A man claiming to be a member of the Fishermen United Northern Territory Guild has had his personalised number plate suggestions FU GUNER and FU NTG knocked back by the Motor Vehicle Registry on the basis they “could be considered offensive”.
Katherine electrician Geoff Anderson said he was “devastated” by the decisions and could not understand why the Gunner Government would discriminate against a humble group of fishing aficionados.
“I don’t understand how such an inclusive government would blatantly discriminate against our dead fishing mate,” he said.
“And an association of people who come together for the pursuit of the peaceful, common goal of recreational fishing, which is almost like a religion here in the Territory.
“This really should be viewed as an assault on religious freedom. Religious freedom is protected to some extent in section 116 of the Australian Constitution.
“We probably will look to get some flashy silk, or better still, some cheap Darwin pettifogger, to see if we can take this all the way to the High Court. It’s prohibiting the free exercise of my religion. It’s the vibe of it. It’s the Constitution. It’s Mabo. It’s justice. It’s law. It’s the vibe and ah, no that’s it.
“Blessed are the fishermen.”
In his first email to the MVR supporting his application, Mr Anderson wrote: “We are a small group of keen anglers (and drinkers!!) based in Katherine & Darwin called Fisherman’s United. We have a private annual event where we invite other interstate Fisherman’s United groups to the NT for an unofficial fishing (and drinking) competition. This year we have invited the QLD Guild to compete (drink!!) at Timber Creek on the Vic River….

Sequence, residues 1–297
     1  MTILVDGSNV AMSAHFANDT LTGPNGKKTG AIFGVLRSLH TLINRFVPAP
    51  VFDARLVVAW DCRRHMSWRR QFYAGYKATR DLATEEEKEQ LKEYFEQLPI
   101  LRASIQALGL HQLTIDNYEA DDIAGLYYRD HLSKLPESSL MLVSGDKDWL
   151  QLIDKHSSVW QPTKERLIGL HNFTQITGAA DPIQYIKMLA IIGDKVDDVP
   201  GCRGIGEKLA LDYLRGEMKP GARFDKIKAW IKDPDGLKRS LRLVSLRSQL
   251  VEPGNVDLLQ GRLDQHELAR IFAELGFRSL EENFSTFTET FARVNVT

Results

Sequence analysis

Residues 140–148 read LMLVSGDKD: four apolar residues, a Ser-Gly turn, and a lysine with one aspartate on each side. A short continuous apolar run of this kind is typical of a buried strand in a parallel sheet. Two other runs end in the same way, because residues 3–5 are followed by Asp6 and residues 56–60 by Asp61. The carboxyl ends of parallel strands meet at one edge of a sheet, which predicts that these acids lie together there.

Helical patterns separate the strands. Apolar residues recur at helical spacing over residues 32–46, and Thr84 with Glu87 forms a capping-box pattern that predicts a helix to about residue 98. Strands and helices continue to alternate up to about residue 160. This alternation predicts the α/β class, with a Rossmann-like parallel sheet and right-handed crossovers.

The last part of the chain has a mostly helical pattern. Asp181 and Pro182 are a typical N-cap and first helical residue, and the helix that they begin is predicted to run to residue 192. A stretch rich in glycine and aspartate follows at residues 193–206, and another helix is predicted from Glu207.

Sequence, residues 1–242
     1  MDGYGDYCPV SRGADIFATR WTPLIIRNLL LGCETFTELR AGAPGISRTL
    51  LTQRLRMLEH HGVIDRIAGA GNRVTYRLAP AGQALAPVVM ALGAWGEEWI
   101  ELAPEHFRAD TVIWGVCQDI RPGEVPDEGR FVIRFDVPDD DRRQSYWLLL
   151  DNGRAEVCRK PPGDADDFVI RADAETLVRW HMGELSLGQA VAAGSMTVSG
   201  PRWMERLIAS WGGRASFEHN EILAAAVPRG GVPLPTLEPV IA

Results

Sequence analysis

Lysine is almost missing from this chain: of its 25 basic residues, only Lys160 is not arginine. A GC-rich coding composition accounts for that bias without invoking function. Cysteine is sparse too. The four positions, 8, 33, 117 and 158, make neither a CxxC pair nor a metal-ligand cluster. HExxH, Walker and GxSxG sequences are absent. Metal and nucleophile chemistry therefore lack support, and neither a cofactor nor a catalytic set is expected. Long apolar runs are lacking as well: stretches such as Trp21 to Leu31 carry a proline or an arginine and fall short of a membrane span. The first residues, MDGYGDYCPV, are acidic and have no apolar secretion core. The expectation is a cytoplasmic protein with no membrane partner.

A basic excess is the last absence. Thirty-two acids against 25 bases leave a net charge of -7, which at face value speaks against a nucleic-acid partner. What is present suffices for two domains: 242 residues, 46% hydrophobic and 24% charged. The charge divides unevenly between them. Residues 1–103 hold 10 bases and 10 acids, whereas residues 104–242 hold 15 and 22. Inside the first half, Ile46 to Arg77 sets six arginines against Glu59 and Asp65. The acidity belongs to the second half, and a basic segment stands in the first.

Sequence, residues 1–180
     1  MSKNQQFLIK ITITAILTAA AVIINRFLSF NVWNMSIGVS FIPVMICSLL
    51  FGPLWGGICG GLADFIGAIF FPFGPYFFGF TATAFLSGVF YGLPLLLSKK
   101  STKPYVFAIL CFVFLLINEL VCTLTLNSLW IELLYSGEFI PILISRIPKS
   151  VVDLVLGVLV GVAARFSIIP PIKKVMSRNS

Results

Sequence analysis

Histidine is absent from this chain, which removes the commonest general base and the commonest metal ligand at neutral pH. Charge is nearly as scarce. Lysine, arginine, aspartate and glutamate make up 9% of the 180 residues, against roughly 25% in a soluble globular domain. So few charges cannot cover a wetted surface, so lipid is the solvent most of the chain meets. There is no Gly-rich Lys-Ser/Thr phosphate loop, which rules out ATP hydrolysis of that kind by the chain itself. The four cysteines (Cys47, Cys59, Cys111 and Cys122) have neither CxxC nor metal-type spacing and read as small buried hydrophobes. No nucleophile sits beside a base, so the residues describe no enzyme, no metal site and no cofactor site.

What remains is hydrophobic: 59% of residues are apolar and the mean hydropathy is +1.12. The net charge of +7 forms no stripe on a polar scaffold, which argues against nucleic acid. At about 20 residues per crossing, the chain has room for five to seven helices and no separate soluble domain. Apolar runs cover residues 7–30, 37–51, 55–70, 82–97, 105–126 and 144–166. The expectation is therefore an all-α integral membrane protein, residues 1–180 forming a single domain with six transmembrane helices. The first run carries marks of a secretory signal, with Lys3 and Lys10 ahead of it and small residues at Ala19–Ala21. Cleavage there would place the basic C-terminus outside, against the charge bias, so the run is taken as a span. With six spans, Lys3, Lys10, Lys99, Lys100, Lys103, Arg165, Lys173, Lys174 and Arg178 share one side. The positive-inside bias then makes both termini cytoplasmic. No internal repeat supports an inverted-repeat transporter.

“This year we have decided to personalise our tow vehicle (booze bus!) with new number plates to try to intimidate our QLD rivals (drinking buddies)… We figure we may as well look the part if nothing else!!!”
The sober response from MVR purchasing and supplies officer Linda Rasmussen went as follows: “Your Personalised plate application is Rejected as combinations of letters that represent Government Departments and authorities are restricted.”
But the FUNTG were not defeated and emailed again with a different number plate request.
“Hi Linda. Sorry, we didn’t realise the relationship with NT Government. I have spoken with the other members of the club. They have requested a different combination in memory of a past member. Can we get FU GUNER. Graham Gunn died last year of a heart attack. The club thinks it would be a nice tribute,” he wrote.
The application was escalated to a more senior public servant and an explanation was given that FU GUNER could be considered offensive by members of the public.
“Good Afternoon Geoff, Further to your application regarding personalised plates FU*GUNER. Approval of personalised plates is considered by an assessment panel based on approved guidelines. Please be advised your application was assessed and rejected by the panel,” acting senior registration officer Roxanne Flores wrote.
“The Motor Vehicle Registry (MVR) takes into consideration how personalised plates can be perceived by members of the Public. The term ‘FU*GUNER’ may be perceived as having a derogatory meaning and may likely cause offence to the wider community.
“All personalised plates applications are assessed by MVR on a case by case basis and must stand on its own merits before it is approved. You may submit a different application or obtain a full refund on your application fee as mentioned in our previous email.”
Mr Anderson once again came up with a personalised number plate that he thought might satisfy the MVR’s requirement for not offending some members of the public.
“Hi Roxanne, Thank you for your reply. I suppose FU*Gov is out of the question then???”
The Guild was once again disappointed.
“Hi Geoff, Yes, that is also rejected.”
And that was the point he realised he had been crushed by the bureaucracy.
“Hi Roxanne, Can you please refund for the personalised plate as I can’t seem to get the combinations that I wanted.”